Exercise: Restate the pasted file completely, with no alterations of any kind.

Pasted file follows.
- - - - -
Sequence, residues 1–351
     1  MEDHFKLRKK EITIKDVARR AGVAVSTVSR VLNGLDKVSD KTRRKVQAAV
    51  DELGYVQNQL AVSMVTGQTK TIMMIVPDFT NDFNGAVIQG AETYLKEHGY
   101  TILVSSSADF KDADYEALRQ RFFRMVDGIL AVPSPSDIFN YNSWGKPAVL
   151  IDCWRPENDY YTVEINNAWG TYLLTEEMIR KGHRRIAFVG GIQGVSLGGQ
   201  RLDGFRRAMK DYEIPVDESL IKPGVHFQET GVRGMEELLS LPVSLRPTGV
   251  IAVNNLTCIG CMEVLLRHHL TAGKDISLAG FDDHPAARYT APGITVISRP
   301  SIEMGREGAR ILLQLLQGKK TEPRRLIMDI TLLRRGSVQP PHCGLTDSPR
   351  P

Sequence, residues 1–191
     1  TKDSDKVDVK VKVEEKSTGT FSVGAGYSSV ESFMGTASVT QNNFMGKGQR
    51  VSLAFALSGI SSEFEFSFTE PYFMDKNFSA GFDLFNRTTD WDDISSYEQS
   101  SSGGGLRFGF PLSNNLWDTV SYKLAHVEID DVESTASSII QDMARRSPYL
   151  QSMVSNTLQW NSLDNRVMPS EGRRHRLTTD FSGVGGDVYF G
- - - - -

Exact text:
Sequence, residues 1–351
     1  MEDHFKLRKK EITIKDVARR AGVAVSTVSR VLNGLDKVSD KTRRKVQAAV
    51  DELGYVQNQL AVSMVTGQTK TIMMIVPDFT NDFNGAVIQG AETYLKEHGY
   101  TILVSSSADF KDADYEALRQ RFFRMVDGIL AVPSPSDIFN YNSWGKPAVL
   151  IDCWRPENDY YTVEINNAWG TYLLTEEMIR KGHRRIAFVG GIQGVSLGGQ
   201  RLDGFRRAMK DYEIPVDESL IKPGVHFQET GVRGMEELLS LPVSLRPTGV
   251  IAVNNLTCIG CMEVLLRHHL TAGKDISLAG FDDHPAARYT APGITVISRP
   301  SIEMGREGAR ILLQLLQGKK TEPRRLIMDI TLLRRGSVQP PHCGLTDSPR
   351  P

Sequence, residues 1–191
     1  TKDSDKVDVK VKVEEKSTGT FSVGAGYSSV ESFMGTASVT QNNFMGKGQR
    51  VSLAFALSGI SSEFEFSFTE PYFMDKNFSA GFDLFNRTTD WDDISSYEQS
   101  SSGGGLRFGF PLSNNLWDTV SYKLAHVEID DVESTASSII QDMARRSPYL
   151  QSMVSNTLQW NSLDNRVMPS EGRRHRLTTD FSGVGGDVYF G